flamethrowerguy
09-07-2009, 04:44 AM
Not only Waffen-SS, especially in Normandy German Heer units were oftenly equipped with marsh/tan pattern uniforms.

3595

flamethrowerguy
09-07-2009, 06:35 AM
I read that mostly soldiers of US 2nd Armoured Division aw well as 2nd, 4th and 30th Infantry Divisions were equipped with these camo uniforms.

http://www.ww2incolor.com/d/850-4/p013379.jpghttp://www.ww2incolor.com/d/306423-2/life_229

During the battles in Normandy there were indeed complaints by Waffen-SS commanders concerning several of their soldiers wearing captured US camo gear.

Nickdfresh
09-11-2009, 03:56 PM
I read that mostly soldiers of US 2nd Armoured Division aw well as 2nd, 4th and 30th Infantry Divisions were equipped with these camo uniforms.

http://www.ww2incolor.com/d/850-4/p013379.jpghttp://www.ww2incolor.com/d/306423-2/life_229


Yeah, there don't seem to be many photos of the US soldiers in camo in existence...

Notice the ones in the second pic above have lost the camouflage netting from their helmets...


During the battles in Normandy there were indeed complaints by Waffen-SS commanders concerning several of their soldiers wearing captured US camo gear.

Well, I guess they might have had a few friendly fire incidents themselves. BTW, friendly fire isn't very friendly when directed at you. :D

Nickdfresh
09-11-2009, 04:15 PM
Here's a nice thread over at Axis featuring Germans using captured arms...

http://forum.axishistory.com/viewtopic.php?f=71&t=99382

Panzerknacker
09-11-2009, 05:53 PM
This is my favorite:

http://img212.imageshack.us/img212/3451/germanthompsons9gn.jpg

Nickdfresh
09-11-2009, 06:11 PM
Ha! I think we have that one here somewhere also. I think I asked whether any Axis forces used numbers of captured Tommyguns and someone informed me that indeed numbers of Heer railway troops some crews used them...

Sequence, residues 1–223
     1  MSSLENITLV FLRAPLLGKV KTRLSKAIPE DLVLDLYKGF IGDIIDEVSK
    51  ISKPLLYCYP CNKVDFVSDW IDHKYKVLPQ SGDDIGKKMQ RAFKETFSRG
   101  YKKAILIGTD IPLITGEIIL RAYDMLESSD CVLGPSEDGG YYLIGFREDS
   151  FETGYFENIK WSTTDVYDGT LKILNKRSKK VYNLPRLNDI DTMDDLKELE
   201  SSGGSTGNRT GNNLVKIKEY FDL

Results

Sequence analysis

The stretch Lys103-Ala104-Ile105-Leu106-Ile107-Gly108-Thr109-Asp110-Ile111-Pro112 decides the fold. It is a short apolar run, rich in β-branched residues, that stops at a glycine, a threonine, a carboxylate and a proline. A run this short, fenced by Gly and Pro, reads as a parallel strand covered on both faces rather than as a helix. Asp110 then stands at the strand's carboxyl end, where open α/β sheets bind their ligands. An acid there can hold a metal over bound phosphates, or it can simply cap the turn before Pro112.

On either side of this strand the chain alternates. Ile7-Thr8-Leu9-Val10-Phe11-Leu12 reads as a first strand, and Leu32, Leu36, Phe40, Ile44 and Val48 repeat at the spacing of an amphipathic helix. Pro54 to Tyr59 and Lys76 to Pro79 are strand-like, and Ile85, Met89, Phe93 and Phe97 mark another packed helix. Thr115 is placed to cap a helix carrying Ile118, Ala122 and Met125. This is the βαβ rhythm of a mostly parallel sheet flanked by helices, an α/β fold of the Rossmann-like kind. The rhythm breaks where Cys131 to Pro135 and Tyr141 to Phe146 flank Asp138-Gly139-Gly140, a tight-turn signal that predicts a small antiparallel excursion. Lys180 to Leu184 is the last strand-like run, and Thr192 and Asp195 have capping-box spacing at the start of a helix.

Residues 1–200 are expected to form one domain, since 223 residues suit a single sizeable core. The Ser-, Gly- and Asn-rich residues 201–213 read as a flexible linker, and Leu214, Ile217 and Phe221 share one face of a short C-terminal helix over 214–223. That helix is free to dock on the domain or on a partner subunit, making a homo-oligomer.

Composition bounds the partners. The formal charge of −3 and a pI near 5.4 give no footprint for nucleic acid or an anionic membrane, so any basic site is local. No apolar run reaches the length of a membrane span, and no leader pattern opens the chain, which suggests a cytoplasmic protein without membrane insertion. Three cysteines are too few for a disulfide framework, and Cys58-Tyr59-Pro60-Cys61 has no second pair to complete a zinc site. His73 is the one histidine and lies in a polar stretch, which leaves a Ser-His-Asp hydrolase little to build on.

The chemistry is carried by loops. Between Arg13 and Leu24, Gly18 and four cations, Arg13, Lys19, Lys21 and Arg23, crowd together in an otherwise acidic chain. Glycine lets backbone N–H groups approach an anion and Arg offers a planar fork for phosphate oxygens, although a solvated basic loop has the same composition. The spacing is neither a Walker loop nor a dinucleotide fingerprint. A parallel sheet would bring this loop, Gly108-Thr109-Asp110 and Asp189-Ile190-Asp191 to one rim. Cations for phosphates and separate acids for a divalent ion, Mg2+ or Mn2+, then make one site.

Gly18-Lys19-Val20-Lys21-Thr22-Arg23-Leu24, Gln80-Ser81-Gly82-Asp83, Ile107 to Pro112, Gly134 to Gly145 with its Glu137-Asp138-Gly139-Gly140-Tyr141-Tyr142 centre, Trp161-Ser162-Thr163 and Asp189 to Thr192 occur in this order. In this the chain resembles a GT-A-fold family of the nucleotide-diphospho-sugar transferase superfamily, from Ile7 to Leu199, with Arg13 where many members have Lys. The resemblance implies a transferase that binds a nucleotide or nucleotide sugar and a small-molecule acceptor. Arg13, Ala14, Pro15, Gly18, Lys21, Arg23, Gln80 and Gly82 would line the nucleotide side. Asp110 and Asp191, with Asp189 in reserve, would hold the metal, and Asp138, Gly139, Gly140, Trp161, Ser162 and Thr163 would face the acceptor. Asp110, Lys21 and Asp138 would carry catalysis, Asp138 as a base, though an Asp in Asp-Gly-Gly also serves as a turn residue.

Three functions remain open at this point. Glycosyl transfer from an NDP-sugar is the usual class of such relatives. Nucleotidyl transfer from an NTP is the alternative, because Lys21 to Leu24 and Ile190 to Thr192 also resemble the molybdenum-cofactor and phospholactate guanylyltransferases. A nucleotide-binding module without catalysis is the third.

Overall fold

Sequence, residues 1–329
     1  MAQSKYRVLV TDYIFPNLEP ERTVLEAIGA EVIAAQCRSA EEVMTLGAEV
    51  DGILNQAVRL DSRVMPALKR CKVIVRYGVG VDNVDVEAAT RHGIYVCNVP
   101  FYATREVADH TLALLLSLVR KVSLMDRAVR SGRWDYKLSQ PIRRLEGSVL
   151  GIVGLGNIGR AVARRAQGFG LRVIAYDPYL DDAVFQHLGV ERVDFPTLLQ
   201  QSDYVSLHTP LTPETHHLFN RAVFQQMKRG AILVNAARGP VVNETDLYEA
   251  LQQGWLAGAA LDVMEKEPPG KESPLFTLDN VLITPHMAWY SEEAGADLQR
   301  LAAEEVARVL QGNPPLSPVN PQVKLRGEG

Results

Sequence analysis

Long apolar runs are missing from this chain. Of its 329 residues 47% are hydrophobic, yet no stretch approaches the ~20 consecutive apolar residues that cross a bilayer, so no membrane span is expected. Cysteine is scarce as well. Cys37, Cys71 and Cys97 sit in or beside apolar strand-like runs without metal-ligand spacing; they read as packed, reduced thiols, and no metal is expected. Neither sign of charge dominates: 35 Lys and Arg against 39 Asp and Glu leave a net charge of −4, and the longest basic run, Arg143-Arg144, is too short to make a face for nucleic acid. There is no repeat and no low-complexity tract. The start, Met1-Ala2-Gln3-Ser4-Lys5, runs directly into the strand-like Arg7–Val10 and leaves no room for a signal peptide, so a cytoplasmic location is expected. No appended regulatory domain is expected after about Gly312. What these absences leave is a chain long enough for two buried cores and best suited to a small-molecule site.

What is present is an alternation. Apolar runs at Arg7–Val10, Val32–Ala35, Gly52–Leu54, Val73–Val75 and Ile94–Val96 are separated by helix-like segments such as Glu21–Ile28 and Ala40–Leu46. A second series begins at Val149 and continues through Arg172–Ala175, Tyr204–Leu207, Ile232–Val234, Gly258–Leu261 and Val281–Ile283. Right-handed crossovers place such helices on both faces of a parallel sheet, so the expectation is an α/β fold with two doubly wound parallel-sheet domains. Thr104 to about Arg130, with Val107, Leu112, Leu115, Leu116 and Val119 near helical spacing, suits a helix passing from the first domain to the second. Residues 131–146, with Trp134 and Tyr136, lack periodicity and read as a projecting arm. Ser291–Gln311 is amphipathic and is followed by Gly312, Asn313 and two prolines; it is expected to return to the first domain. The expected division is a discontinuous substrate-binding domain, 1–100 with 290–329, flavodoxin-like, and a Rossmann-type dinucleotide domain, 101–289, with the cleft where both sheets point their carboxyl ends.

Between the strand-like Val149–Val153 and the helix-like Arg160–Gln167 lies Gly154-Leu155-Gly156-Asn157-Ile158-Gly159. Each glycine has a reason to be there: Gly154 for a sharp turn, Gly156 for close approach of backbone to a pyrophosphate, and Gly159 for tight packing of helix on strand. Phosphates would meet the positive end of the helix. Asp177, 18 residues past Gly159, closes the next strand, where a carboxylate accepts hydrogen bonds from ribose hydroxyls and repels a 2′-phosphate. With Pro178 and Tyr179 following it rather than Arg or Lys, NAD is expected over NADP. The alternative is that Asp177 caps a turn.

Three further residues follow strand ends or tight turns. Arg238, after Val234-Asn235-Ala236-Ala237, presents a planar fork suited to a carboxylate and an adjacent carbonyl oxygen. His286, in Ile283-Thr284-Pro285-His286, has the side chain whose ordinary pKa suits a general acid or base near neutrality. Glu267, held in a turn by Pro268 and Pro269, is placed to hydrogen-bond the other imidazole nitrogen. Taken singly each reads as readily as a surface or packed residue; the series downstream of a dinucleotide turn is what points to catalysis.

Panzerknacker
09-11-2009, 06:13 PM
And they got some from the african victories, talking about africa this are germans with british .55 rifle Boys.

http://img266.imageshack.us/img266/4905/60309715fr7.jpg

tankgeezer
09-12-2009, 10:25 AM
those german fellows cant have as yet fired the beast, they look too happy.... The Boys was referred to as "Charley the Bastard" due to its sharp, and very unpleasant recoil.

VonWeyer
09-13-2009, 01:10 AM
Check this out.

Panzerknacker
09-13-2009, 05:55 PM
those german fellows cant have as yet fired the beast, they look too happy.... The Boys was referred to as "Charley the Bastard" due to its sharp, and very unpleasant recoil.

Yup, in spite the fact it had a shoulder spring shock reducer and a generous muzzle brake. I must say the gun itself looks quite new.



Check this out.


Nice, any idea of the date of that photo.

flamethrowerguy
09-13-2009, 06:27 PM
Nice, any idea of the date of that photo.

If I remember correctly this photo was taken during an exhibition of captured weaponry in France in spring 1944.

VonWeyer
09-14-2009, 01:58 AM
Thanx FTG.

flamethrowerguy
09-20-2009, 10:33 AM
Some examples:

German Waffen SS